Business sustainability and economic case for off-grid, renewable energy solutions in Nigeria

Following the widening demand/supply gap in Nigeria’s power sector, experts are of the view that decentralized energy solutions will demonstrate capacity to bolster Nigeria’s Gross Domestic Product (GDP).

Accordingly, several studies and submissions have consistently affirmed the relationship between adequate electricity supply and Nigeria’s economic growth. This is on the back of the fact that about 75 percent of businesses in Nigeria operate within the MSMEs ecosystem.

About 47 percent of Nigerians lack access to grid electricity, while those that have access face regular power cuts due to inefficient generation, transmission and distribution network, obsolete and inadequate infrastructure, and poor financing of the power sector among other factors.

The World Bank disclosed the estimated economic cost of power shortages in Nigeria is about US$28bn – equivalent to two per cent of the GDP. However, lack of access to electricity remains one of the major constraints for the manufacturing and non-oil sectors, referencing the 2020 Doing Business Report.

In a recent report, Shubham Chaudhuri, World Bank country director in Nigeria, noted that reliable power can propel economic activities by attracting private investment that can stimulate job creation, needed to lift 100 million Nigerians out of poverty.

Taking into account the demand-supply gap, off-grid and renewable energy solutions are sustainable solutions to boost the economy by helping to solve Nigeria’s dual power and climate change challenges.

The Rural Electrification Agency (REA) estimated that about 26 million Nigerians in rural communities are unable to access power from the existing national grid, despite their low energy needs of one kilowatt per hour per month.

Also read: Energy Fund: How Nigeria can benefit – Analysts

REA added that over 80 million people lack access to quality electricity in spite of the fact that 51 million people are connected to the national grid, while 32 million are categorized as deinved and underserved.

CrossBoundary Energy Access Nigeria (CBEA) and ENGIE Energy Access Nigeria (ENGIE) recently finalized a project finance agreement to build a $60 million portfolio of mini grids that will connect over 150,000 people – residential, commercial and productive use customers – to electricity in Nigeria over the next four years.

ENGIE Energy Access, a leading provider of solar homes systems and mini-grid solutions in Nigeria, has proved the economic transformation capability of decentralized systems at Gbangba in Gbako LGA, Niger State with its hybrid 90-kW solar mini-grid which connected the community to electricity in December 2021.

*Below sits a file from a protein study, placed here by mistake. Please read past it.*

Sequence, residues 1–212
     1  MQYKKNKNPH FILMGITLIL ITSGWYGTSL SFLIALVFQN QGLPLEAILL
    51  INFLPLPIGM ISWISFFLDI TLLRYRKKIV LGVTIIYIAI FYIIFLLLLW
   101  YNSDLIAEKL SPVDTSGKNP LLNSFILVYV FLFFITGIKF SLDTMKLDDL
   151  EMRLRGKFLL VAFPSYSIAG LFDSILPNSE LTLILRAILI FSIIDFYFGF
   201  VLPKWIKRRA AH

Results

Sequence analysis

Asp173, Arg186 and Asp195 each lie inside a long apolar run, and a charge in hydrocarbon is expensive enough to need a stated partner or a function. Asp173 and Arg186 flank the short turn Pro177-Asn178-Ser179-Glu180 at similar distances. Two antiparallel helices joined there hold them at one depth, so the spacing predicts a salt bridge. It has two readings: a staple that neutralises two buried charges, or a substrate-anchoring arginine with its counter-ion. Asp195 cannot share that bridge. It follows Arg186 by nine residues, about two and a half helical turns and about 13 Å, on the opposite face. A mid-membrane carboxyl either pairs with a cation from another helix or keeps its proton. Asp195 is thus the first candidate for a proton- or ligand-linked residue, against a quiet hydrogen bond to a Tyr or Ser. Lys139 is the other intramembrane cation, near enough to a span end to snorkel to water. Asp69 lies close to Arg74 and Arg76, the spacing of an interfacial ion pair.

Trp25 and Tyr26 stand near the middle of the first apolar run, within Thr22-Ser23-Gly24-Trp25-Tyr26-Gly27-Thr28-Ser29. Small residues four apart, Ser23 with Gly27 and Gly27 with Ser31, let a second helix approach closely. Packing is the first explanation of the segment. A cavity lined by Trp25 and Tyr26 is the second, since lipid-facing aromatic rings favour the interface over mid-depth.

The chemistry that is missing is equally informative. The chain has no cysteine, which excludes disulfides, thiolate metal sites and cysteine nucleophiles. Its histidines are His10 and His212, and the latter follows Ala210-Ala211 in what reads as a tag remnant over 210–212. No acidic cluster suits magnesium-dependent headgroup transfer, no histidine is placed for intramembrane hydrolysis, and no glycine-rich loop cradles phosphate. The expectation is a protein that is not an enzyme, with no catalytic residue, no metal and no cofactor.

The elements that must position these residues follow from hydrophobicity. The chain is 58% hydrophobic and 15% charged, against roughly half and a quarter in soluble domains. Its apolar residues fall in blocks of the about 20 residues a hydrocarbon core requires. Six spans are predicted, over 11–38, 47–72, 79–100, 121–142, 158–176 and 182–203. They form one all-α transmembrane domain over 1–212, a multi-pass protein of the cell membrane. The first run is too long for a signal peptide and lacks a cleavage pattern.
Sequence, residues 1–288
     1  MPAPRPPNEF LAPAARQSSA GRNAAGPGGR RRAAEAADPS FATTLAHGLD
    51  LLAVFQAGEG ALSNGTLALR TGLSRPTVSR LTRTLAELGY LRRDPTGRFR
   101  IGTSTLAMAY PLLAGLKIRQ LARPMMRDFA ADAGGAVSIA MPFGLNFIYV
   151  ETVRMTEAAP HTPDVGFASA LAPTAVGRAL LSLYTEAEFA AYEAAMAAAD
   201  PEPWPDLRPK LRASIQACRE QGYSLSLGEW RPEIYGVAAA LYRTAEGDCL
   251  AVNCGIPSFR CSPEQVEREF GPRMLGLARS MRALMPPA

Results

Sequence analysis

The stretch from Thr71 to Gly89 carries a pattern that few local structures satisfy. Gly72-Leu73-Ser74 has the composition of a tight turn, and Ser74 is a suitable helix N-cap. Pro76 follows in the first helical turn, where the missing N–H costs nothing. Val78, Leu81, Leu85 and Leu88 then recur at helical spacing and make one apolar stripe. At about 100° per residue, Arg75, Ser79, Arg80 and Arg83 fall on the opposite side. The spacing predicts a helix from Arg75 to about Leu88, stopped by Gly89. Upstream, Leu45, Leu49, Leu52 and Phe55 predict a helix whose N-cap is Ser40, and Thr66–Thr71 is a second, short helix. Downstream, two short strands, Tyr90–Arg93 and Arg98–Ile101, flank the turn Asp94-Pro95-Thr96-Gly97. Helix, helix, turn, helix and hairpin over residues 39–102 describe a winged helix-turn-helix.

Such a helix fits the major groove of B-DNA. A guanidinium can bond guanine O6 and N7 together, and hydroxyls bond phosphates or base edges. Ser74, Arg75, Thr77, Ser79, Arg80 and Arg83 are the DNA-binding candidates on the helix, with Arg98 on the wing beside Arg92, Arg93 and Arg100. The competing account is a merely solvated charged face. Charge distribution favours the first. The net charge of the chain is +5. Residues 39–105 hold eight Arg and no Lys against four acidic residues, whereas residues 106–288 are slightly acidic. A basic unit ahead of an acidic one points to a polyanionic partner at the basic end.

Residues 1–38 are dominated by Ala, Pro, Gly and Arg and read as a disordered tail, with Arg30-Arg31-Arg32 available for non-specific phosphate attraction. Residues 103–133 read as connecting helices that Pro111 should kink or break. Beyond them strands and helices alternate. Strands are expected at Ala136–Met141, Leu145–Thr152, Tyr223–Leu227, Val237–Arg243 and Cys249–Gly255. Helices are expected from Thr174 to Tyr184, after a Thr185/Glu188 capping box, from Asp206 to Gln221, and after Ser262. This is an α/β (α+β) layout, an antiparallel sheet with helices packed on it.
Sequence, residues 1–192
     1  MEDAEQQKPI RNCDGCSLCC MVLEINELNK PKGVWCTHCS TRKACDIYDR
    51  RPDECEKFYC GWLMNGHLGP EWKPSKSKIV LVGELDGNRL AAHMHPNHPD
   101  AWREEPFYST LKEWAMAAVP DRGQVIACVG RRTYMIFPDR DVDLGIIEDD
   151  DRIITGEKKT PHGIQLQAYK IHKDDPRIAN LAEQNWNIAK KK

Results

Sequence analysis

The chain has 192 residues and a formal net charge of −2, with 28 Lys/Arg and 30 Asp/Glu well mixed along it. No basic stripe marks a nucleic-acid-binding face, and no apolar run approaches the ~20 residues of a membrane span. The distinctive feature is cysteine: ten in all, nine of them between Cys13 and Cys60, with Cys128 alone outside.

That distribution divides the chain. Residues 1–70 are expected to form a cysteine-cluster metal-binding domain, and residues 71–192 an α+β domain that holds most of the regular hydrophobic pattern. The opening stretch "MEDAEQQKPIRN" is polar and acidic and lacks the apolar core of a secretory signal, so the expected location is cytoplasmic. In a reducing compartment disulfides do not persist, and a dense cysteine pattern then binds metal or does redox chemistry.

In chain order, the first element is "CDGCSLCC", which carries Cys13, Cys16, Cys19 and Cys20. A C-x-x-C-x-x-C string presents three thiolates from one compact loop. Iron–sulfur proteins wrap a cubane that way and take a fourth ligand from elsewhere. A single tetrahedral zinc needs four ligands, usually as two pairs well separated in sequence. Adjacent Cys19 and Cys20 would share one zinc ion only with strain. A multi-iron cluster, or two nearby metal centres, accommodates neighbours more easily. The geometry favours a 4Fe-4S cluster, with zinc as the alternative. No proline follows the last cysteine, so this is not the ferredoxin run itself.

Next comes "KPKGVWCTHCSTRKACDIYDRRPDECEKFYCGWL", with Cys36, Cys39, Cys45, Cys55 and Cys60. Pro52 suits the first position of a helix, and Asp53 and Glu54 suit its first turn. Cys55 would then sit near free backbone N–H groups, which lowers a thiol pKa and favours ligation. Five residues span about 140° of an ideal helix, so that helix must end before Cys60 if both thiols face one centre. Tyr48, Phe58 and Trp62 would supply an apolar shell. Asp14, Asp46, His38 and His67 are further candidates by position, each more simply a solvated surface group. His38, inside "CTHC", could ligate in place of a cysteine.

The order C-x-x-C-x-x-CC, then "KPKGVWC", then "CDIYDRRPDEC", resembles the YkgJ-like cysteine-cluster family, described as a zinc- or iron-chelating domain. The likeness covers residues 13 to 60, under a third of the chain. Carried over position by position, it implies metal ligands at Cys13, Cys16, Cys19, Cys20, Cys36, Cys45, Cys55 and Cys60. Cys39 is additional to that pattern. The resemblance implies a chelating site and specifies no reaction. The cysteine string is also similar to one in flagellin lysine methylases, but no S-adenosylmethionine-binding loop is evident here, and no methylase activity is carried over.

Accordingly, access to power impacted an estimated 500 customers made up of households, and micro and small enterprises in six months, with uninterrupted 24 hours daily affordable electricity within the Gbangba community of Niger State. This translates to over 2,500 lives that have now decommissioned fossil-fuel generators and are saving money on diesel and maintenance.

“With constant electricity, many of the Gbangba residents now own cold storage appliances ranging from 100 to 250 liter-capacity refrigerators and deep freezers, 15-20hp motor electric grinding and milling machines, and agri-processing products which are financed by ENGIE Energy Access . Light industrial activities such as welding and baking as well as the provision of financial services add to increased economic activities in the community because electricity is available,” Bankole Cardoso, CEO, ENGIE Energy Access.

According to Cardoso, the mini-grid has triggered the emergence of business creators and incubators which in its turn led to job creation for the Gbangba youth. He stated that with a more active population and businesses paying taxes to the government, the capacity to provide more basic social amenities is positively impacted. “The community enjoys digital access and there is a larger degree of financial inclusion through the use of financial technology solutions with pay-as-you-go”.

Similarly, MySol Nigeria, the leading Solar Homes Systems (SHS) business, is another ENGIE green energy solution that positively affects the country’s power ecosystem. The easy-to-set up kit has connected more than 60,000 Nigerian households to solar power providing reliable, stable light for their TVs, radios, fans and small appliances. “Families and businesses are cutting down costs on generators, earning additional income from the savings,” Cardoso said.

ENGIE Energy Access offers Pay-As-You-Go (PAYGO) and mini-grids solutions across Africa. And, according to Cardoso, the company develops innovative, off-grid solar solutions for homes, public services and businesses, enabling customers and distribution partners access to clean, affordable energy.

The PAYGO solar home systems are financed through affordable installations from $0.19 per day and the mini-grids foster economic development by enabling productive electrical use and triggering business opportunities for entrepreneurs in rural communities.

With over 1,700 employees, operations in nine countries across Africa (Benin, Côte d’Ivoire, Kenya, Mozambique, Nigeria, Rwanda, Tanzania, Uganda and Zambia), over 1.8 million customers and more than nine million lives impacted so far, ENGIE Energy Access said it aim to impact 20 million lives across Africa by 2025

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